SWBFII Story Is About Perspective & Understanding Rather Than Convincing You The Death Star Was Good

When Star Wars Battlefront II (SWBFII) was revealed, several fans were surprised to see that the main character was an Imperial Commander of the Inferno Squad special forces unit. In the debut trailer, we can plainly see Iden Versio's dismay after the destruction of the second Death Star and her conviction in getting back at the Rebels, which she perceives as terrorists.

Speaking with Glixel, EA Motive's Game Director Mark Thompson explained why the developers chose this unusual point of view for SWBFII.

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We're not trying to reframe how everyone in this world sees the people in that galaxy. It's just about perspective and understanding – that not everybody in the Empire believes in exactly the same thing. Everyone has their own personal view of what the Empire means, what's right or wrong inside the Galactic Empire, in much the same way that we probably all have a different opinion about the way that democracy works and what its pros and cons are. Those kinds of discussions, those kinds of beliefs – when you start to meet Inferno Squad and you take the helmets off and you see them as people, you start to understand their perspective.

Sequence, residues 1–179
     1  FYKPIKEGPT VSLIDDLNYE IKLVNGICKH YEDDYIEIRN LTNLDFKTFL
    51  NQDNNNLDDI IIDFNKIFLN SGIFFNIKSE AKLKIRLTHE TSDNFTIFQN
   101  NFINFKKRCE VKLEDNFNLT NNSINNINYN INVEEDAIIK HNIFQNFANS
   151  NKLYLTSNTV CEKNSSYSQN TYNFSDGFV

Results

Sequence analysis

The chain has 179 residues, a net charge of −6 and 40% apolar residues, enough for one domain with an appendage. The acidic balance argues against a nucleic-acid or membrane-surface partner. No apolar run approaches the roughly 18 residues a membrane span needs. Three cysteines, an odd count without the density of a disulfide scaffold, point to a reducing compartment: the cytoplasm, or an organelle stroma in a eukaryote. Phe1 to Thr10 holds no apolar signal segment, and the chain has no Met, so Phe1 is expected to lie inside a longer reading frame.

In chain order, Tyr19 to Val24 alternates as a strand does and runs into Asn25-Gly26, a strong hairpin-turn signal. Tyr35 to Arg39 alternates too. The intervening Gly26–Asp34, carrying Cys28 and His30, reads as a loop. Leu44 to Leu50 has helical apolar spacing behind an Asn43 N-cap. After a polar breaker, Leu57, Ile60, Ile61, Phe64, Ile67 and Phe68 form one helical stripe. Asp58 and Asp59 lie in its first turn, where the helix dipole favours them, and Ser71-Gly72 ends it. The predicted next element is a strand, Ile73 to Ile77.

We're not looking for sympathy, but more empathy – understanding their perspective and who they are as people and what drives them and motivates them. Ultimately, we just need to bring people on a journey to the point that they understand why Iden and Inferno Squad make the decisions they do and believe in the things that they do. The example I keep using is that we're not trying to convince our audience that the Death Star was good. Because in much the same way that I don't believe that every stormtrooper, or every single imperial, thinks that Death Star was the right course for the Empire to take. It's an extreme measure.

Rogue One is super interesting in that it's starting to show the gray side. It moves a little away from the black and the white of right and wrong and into the gray space of Saw Gerrera and the Partisans, and even Cassian and some of his early missions before the Galactic Civil War really started. There are some questionable missions!

Star Wars has been traditionally very much black and white, but this seems to be slightly changing as more gray areas appear within the movies, comics, and games. We'll see if it was the right choice for SWBFII, though, when the game ships on November 17th for PC, PlayStation 4 and Xbox One.

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